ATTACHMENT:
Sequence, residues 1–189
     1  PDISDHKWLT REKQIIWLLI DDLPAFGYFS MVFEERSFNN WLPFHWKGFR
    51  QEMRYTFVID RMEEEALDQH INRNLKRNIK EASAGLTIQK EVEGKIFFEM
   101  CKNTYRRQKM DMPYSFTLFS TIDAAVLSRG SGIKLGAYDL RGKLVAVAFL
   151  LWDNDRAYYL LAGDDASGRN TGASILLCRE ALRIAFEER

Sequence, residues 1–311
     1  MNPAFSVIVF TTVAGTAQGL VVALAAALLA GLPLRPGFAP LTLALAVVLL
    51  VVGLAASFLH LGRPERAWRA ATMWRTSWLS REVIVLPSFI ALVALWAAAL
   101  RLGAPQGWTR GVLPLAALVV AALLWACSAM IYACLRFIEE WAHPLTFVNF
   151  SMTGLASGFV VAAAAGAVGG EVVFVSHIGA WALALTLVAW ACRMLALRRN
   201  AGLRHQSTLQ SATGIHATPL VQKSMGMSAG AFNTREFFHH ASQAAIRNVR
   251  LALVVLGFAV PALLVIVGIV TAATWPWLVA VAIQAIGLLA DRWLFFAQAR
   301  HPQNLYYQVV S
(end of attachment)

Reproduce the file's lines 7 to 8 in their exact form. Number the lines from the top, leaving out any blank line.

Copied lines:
     1  MNPAFSVIVF TTVAGTAQGL VVALAAALLA GLPLRPGFAP LTLALAVVLL
    51  VVGLAASFLH LGRPERAWRA ATMWRTSWLS REVIVLPSFI ALVALWAAAL